Antisemitic fliers left at homes at the start of Yom Kippur

Plastic bags containing flyers with anti-Semitic messages were left on driveways and outside homes in San Marino and Pasadena on Tuesday night, at the start of the Jewish holiday of Yom Kippur, authorities said.

A San Marino resident noticed that someone had placed a flyer in his driveway and reported the incident to police around 11pm. Flyers were left in multiple driveways across the city of San Gabriel Valley, but the placement appears to be random and not targeted at specific groups in the neighborhood, San Marino Police said.

The items were placed in plastic bags with stones and contained anti-Semitic messages and COVID-19 conspiracies. The flyers said they were “distributed indiscriminately without malicious intent,” police said in a Facebook post.

There were no reports of property damage or other activity related to the incident. Police questioned residents, and some offered to share surveillance footage from their homes if they could spot suspicious people or vehicles. Detectives will be investigating the incident, but San Marino was not alone because leaflets were also found in the southern part of Pasadena, according to Lisa Derderian, a city spokeswoman.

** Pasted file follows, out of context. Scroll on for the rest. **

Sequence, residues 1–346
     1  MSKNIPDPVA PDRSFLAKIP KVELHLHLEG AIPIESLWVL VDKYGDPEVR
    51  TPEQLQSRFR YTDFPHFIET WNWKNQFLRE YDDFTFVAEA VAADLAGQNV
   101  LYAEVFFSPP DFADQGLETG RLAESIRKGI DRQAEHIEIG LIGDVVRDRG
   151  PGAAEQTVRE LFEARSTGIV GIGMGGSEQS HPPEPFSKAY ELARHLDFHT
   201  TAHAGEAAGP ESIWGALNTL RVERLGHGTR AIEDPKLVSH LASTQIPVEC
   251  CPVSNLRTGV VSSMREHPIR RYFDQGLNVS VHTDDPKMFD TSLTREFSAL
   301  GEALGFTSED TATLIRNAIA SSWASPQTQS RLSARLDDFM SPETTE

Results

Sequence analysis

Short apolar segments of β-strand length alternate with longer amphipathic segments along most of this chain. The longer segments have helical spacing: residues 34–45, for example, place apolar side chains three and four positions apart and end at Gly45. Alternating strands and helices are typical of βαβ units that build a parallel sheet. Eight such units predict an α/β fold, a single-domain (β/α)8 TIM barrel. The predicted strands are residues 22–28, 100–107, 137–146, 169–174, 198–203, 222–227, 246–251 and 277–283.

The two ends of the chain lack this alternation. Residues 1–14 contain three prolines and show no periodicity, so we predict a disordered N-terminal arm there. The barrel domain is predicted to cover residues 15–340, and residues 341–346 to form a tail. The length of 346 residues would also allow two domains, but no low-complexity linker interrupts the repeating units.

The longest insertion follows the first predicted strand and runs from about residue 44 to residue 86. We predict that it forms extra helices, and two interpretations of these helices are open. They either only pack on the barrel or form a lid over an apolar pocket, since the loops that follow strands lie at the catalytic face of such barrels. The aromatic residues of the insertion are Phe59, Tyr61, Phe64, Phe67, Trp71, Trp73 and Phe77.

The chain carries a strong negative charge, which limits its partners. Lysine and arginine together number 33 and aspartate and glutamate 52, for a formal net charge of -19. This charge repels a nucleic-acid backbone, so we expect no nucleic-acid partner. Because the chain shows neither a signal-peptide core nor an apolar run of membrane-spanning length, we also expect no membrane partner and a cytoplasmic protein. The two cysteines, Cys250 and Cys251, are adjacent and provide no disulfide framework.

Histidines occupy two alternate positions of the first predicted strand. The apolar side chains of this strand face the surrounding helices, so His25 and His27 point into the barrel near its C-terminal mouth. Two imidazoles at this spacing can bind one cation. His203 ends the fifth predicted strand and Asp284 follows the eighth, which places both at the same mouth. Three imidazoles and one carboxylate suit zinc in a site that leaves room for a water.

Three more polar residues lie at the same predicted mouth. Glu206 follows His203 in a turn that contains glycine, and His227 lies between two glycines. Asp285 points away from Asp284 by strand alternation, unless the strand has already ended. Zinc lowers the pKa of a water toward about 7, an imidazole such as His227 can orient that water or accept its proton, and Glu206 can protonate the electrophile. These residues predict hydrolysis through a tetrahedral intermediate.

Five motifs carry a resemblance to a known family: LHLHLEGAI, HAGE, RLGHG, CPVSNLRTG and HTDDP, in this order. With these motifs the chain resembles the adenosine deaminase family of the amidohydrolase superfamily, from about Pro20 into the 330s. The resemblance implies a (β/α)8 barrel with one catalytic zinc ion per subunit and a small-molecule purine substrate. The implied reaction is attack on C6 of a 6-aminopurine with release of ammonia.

The leaflets were found Wednesday morning and police said they documented the addresses where they were left. Police said they would also step up patrols in the area.

“The City of Pasadena takes a zero-tolerance position toward all forms of hate speech, which has no place in our city, particularly on the highest Jewish holiday of the year,” the City of Pasadena said in a written statement. “The distribution of [antisemitic] flyer violates the values ​​of our city and its residents. We recognize that many have been hurt by these disgusting acts and know that Pasadena residents stand together and speak out against hate in all forms.”

Jeffrey Abrams, Los Angeles regional director of the Anti-Defamation League, said the group behind these anti-Semitic acts is small but growing.

“We know who these people are. They target predominantly Jewish communities and hide behind the First Amendment when distributing leaflets about these neighborhoods,” Abrams told the Times. “Make no mistake, the purpose is to terrorize these communities.”

While Abrams urged people not to share images of the anti-Semitic leaflets on social media, he encourages the media to report when these incidents take place.

“Anti-Semitism lives and grows in our city,” Abrams said.

In April, on the morning after the first Passover seder, anti-Semitic leaflets were left on the front doors of homes in Beverly Hills. The leaflets began with the statement, “Every single aspect of the war between Ukraine and Russia is Jewish,” followed by a list of government officials. Antisemitic fliers left at homes at the start of Yom Kippur

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